Princess Knight is a Japanese manga created by the “Godfather of Manga” Osamu Tezuka. I stumbled across this gem at my local library whilst browsing the graphic novel section. I’ve known of Tezuka’s work since I was a child. I remember watching Jungle Emperor Leo when it came out on DVD, and I’ve can’t remember when I haven’t known about Astro Boy. But beyond these two examples, Tezuka’s works have always been held at arm’s length from me. I always have the intentions to read Black Jack or Dororo, but I’ve just never gotten around to it yet. So when I found the first volume of this at my library and discovered that the English version is done in two volumes, I couldn’t find any reason not to give it a go.
The story of Princess Knight reminds me of a twisted romantic comedy, but instead with gender identity crises and almost-love triangles. The story begins with a mischievous angel named Tink, who feeds a baby a blue boy heart while the child is in line to meet God (or some kind of masculine deity) for their assignment into the world. Upon reaching God (who, by the way, is wearing long robes and has a beard – all the tropes), God gives the child a red girl heart. The child then says that they already received a blue heart, and the conflict begins! The baby is then born into the monarchy of Silverland, and Tink is given the task to track down the child and removed her boy heart.
Meanwhile in Silverland, a princess is born to the king and queen. One of the attendants, however, announces that it was a boy that was born and not a girl (well, he had a lisp, so he said “Prinsh”). The parents basically go along with it, and they raise Sapphire (the protagonist) as a prince. This also helps because the law of the country is that only males can become heirs to the throne, and thus Sapphire passing as a boy would prevent the heinous Duke Duramin from gaining power via his twerp of a son. Sapphire is raised as a boy, so she learns fencing and keeps her hair short and gets to wear a cape and other manly attire. She is still very feminine, and will wear dresses when alone with her mother. Sapphire must always assert her manliness though, for the Duke apparently has never been convinced that she was a boy and tries multiple ploys within the series to reveal her true gender.
Things get even more difficult for Sapphire when she meets prince Franz from Goldland (maybe there’s a Copperland out somewhere too). And of course, Sapphire becomes attracted to him and begins to have more of an identity crisis than ever. Sapphire eventually falls in love with Franz, but he only views her as a prince from another kingdom. So what should Sapphire do? Keep her identity as a man but never have a chance with prince Franz? Should she do the best for her kingdom or for herself? All the dilemmas! It probably doesn’t help that there’s also an evil witch after Sapphire’s girl heart, a goddess who falls in love with Franz, a pirate who falls in love with Sapphire, and that Satan makes an appearance in the scheme of things as well.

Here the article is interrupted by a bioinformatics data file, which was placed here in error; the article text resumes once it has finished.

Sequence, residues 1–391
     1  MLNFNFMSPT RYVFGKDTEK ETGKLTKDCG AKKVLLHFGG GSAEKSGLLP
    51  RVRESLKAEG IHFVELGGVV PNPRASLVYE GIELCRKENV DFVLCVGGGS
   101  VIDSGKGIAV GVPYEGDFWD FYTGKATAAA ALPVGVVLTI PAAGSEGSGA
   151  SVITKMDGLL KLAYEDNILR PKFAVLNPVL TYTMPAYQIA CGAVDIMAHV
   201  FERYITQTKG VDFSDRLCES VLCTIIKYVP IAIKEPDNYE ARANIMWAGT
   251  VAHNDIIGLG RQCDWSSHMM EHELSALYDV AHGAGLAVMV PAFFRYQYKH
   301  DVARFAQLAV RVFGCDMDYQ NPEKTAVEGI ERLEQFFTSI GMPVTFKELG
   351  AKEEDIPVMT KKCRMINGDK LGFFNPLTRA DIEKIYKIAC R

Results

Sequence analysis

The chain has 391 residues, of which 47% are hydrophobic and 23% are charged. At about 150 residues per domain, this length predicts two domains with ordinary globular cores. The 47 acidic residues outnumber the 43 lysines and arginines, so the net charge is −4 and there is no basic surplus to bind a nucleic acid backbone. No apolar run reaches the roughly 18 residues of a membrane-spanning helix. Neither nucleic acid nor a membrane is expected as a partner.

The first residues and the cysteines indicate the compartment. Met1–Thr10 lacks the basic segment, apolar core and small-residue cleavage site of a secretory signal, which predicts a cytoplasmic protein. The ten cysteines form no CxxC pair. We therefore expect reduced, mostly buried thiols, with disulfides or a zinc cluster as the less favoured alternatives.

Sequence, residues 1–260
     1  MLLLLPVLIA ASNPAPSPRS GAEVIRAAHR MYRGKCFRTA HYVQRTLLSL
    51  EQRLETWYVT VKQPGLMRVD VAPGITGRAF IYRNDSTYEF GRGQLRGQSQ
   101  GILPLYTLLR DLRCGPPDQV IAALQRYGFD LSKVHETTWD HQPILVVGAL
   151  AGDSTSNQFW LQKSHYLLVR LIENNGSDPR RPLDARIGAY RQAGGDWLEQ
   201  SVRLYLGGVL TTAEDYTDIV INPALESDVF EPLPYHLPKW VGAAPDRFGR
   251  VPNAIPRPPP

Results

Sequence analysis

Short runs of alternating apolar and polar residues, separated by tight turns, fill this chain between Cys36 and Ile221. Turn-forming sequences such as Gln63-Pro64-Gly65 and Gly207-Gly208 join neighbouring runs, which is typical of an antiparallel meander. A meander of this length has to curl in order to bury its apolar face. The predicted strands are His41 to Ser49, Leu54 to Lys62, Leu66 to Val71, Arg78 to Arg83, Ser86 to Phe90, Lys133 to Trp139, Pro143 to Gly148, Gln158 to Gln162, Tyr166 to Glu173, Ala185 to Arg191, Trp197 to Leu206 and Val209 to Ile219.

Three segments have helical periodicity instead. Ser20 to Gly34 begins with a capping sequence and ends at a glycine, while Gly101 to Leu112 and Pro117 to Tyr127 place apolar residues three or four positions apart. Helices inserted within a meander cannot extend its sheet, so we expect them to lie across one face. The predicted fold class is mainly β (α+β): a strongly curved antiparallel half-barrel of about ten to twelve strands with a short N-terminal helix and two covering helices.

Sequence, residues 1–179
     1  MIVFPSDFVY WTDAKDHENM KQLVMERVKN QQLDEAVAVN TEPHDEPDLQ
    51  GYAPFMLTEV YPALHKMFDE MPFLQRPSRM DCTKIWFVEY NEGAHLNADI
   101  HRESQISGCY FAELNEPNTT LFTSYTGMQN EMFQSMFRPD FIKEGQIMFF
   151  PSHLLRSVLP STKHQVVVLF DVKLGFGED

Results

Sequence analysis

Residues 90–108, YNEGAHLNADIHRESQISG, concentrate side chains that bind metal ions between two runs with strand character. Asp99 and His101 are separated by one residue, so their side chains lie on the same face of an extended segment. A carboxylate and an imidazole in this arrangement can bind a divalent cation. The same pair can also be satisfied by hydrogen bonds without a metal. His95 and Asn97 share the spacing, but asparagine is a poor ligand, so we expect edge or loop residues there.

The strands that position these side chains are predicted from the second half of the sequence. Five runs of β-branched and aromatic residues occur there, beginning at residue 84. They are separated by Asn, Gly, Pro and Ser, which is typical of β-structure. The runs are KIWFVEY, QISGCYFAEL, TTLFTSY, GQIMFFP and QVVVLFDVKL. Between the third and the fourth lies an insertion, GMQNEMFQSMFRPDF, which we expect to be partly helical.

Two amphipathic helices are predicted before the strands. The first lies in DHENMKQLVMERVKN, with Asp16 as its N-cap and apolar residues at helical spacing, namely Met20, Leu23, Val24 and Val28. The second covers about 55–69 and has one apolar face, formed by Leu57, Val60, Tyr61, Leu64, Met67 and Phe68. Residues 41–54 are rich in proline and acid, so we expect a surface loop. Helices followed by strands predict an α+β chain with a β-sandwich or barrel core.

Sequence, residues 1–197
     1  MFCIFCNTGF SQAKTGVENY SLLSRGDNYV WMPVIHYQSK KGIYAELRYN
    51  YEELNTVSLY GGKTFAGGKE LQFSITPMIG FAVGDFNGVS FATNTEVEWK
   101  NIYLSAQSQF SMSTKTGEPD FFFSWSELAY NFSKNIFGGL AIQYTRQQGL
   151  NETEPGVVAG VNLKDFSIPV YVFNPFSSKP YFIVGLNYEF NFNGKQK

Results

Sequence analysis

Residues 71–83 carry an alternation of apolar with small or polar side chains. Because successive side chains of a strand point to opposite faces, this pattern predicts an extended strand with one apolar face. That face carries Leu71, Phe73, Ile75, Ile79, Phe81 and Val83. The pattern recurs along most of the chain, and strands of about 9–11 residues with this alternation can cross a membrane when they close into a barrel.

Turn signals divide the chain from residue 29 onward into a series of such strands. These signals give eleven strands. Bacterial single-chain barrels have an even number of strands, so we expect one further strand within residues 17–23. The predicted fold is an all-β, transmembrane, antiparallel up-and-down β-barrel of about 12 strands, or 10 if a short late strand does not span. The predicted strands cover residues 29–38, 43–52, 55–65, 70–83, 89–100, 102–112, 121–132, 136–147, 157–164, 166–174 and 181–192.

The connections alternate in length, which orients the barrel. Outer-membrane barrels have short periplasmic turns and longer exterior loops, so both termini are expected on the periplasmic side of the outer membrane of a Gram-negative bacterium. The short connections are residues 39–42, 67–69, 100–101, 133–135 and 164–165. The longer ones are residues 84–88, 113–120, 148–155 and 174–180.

If there are any themes that can be pulled out of this manga, gender identity and the concept of androgyny would be a major one. Throughout the chapters, Sapphire continues to struggle with the person that she is and tries to shape a world where she can take over her father’s throne. She [spoiler] eventually gets the Duke’s son to change the law so that she can reign as queen, but ultimately her boy heart is removed from her. I liked the series and how Tezuka portrayed Sapphire as a fearless fighter as well as gentle and carefree, demonstrating the complexities of human nature and behavior. I also enjoyed on how the whole conflict of the series was on Sapphire’s gender identity and her not conforming to either gender role. Franz eventually finds out that Sapphire is a girl, but still continues to view her as a man and calls her “Prince Sapphire” after the fact. And the fact that Tink’s mission throughout the series is to remove Sapphire’s boy heart shows mankind’s tendency to dichotimize things, including people.
I loved the series, except I disliked the ending. Obviously, Sapphire and Franz end up together, but not at the cost Sapphire losing her boy heart and thus truly becoming meek and “the weaker sex.” I was kind of enraged at this, for Tezuka’s demonstration of gender norms and having a strong, female protagonist becomes diminished. Throughout the whole series, I was expecting Sapphire to find out a way to live with her two hearts, and that hopefully the god figure would let Tink leave his mission incomplete. But of course, sacrifices had to be made, and it seems like that’s okay because Sapphire ended up with Franz and she’s free from being plagued with a complex identity. I also disliked how Sapphire losing her girl heart would make her pretty much useless in combat. Later on, she is able to fight without her boy heart, but initially she couldn’t even fend off enemy attacks.
Overall, this work speaks a lot about how humanity views gender and the position of women, but I’m afraid that it continues to emphasize the importance of women being in the designated gender role, and that having a fierce heroine simply cannot be.